DebR in MT    Posted 11-01-2002 at 12:31:57       [Reply]  [No Email]
Sorry to hear about your goats. We had a lot of trouble with dogs around here and we finally got a donkey. She's a really nice donkey with people but she hates dogs (except for the ones that we tell her are okay). I don't suppose it would help with coyotes but she stomps them with her feet and there's not much left when she's done. We lost 3 sheep, 2 chickens and a duck and we haven't lost any since we got the donkey. The worst thing with goats and sheep is they're so sweet and defenseless they don't even fight back.Good luck.

LH    Posted 11-01-2002 at 12:54:50       [Reply]  [No Email]
Deb we have a Llama, and 3 donkeys but it wasn't effective this time.

Donna from Mo    Posted 11-01-2002 at 12:18:08       [Reply]  [No Email]
I've had coyotes kill my geese, even with a feisty gander out there fighting them off. And I've had possums and racoons kill my chickens. But you know what? Somehow I can put up with them because there is no human responsible for their behavior (except maybe legislators). What really angers me is the packs of dogs that my neighbors let run. And there's really nothing I can do about it except to keep my poultry penned safely out of their reach. I've dealt with this situation in two different locations since 1968, since we first moved to the country. And I have found no solution. You can sneak around and shoot the dogs, and feel bad when the neighbor kids come to your door asking if you've seen their doggy. Or you can live with the situation and just be angry.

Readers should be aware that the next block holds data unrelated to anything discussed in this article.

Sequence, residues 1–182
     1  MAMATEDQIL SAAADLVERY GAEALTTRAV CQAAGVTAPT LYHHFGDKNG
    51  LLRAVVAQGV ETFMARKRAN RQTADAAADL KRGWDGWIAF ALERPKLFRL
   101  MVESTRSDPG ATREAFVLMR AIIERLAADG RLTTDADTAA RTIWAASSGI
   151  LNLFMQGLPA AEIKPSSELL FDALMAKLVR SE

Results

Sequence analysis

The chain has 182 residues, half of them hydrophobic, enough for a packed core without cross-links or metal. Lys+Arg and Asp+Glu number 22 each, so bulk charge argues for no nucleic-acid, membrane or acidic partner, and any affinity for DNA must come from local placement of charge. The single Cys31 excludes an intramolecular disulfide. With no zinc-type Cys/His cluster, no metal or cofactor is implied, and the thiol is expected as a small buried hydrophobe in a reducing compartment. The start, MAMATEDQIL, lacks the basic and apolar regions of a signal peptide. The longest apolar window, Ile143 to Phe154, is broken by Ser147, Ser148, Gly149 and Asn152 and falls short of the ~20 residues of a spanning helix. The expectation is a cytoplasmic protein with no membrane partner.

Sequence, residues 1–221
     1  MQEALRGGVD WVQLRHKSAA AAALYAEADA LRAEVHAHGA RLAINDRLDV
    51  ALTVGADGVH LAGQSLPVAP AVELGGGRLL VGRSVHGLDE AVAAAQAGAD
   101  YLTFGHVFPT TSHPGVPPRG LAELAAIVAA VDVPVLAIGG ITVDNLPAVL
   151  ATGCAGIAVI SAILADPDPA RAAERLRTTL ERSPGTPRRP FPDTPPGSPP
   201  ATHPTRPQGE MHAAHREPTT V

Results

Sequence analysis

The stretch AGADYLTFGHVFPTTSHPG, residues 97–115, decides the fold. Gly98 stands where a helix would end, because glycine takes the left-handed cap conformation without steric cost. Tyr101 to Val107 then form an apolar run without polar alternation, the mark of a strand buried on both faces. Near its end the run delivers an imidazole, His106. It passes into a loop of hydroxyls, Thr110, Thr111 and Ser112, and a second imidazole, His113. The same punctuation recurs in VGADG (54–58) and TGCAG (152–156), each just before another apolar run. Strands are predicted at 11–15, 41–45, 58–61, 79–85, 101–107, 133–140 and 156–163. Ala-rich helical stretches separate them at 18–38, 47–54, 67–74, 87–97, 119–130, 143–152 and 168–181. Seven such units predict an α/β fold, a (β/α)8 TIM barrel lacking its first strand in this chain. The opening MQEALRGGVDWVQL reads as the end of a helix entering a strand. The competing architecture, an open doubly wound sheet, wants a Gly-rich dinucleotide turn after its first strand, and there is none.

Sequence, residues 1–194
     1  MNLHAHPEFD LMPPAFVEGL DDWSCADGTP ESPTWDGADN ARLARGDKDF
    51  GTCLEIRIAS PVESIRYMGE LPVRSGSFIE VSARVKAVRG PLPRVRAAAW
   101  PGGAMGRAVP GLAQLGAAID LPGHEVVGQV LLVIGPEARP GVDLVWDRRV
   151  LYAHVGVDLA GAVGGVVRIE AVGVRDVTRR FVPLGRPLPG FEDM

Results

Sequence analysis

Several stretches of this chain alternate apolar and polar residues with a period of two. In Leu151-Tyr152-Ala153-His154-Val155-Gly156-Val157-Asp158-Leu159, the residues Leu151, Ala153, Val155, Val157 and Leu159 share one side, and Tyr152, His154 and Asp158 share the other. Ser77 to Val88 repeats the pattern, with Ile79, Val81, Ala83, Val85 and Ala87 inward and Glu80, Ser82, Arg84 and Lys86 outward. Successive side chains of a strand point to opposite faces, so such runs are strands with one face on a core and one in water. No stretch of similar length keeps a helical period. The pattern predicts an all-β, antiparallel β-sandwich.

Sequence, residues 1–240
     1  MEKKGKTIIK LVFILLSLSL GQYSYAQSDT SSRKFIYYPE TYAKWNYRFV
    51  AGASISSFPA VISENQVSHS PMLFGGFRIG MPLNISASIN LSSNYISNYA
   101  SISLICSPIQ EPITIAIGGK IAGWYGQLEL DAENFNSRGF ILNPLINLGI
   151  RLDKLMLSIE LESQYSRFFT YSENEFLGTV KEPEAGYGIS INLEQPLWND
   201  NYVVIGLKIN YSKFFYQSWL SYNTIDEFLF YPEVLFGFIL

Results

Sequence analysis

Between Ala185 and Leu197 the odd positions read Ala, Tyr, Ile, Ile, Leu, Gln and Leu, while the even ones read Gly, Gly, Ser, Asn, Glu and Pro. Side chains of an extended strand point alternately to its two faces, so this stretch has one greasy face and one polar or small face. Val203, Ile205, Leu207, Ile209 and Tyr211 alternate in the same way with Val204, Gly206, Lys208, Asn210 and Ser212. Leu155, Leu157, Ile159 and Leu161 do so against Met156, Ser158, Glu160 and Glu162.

EIEIO    Posted 11-01-2002 at 11:07:11       [Reply]  [No Email]
I feel so bad for you. If anything happened to our little goat or sheep I would be so sad no not sad, devastated. This morning Halfpint was barking his something is out here bark so I went to the barn, no jacket but I am very paranoid not only because of the coyotes but those &$*%&^(*%^( dogs that we cant SSS YET! Anyway just as I got there he put his head through the back gate it opened and away he, goat, sheep and two barn cats ran to the woods. I sure do move fast for an old lady. I got Halfpint and everybody follows him, I guess cuz he protects them, put them in the pen and fixed the gate and thanked God I was there when that darn gate broke. All I could think of was something making a feast outta the critters and than I read your post. Do you think maybe, just maybe the kid is out there somewhere? What a tragic morning you have had and so sad.

LH    Posted 11-01-2002 at 11:44:06       [Reply]  [No Email]
EI the kid always stayed with his momma or our Nubian Doe so I'm pretty sure he's gone as well. I looked everywhere and no sign of him. In the past year we've lost 3 goats, and about 60 birds to the coyotes. I've had neighbors lose everything from bigger boxer dogs, all the way up through holstein calf sized critters. And I would not put it past them to take down a full grown cow or hoss if they get hungry. My neighbor told me the other evening he counted 16 of em running in one pack so that's a lot of kiiling power and a lot of mouths to feed.

C.J. in SD    Posted 11-01-2002 at 10:53:10       [Reply]  [No Email]
It got cold early here. Last night it was 3 above 0 and that was before the wind chill. It always brings out the Coyotes early. If they can't find enough on the farms they'll go into town and start killing stray dogs and cats. There are also at least a pair of cougars that live to the southwest between Belle and Alladin out in the rocks. Every once in a while we get lucky and theykill the coyotes.

Jim (Mi)    Posted 11-01-2002 at 11:00:15       [Reply]  [No Email]
C.J. Are you allowed to hunt Cougars up there? Or shot if they are a nuisance

C.J. in SD    Posted 11-01-2002 at 11:13:04       [Reply]  [No Email]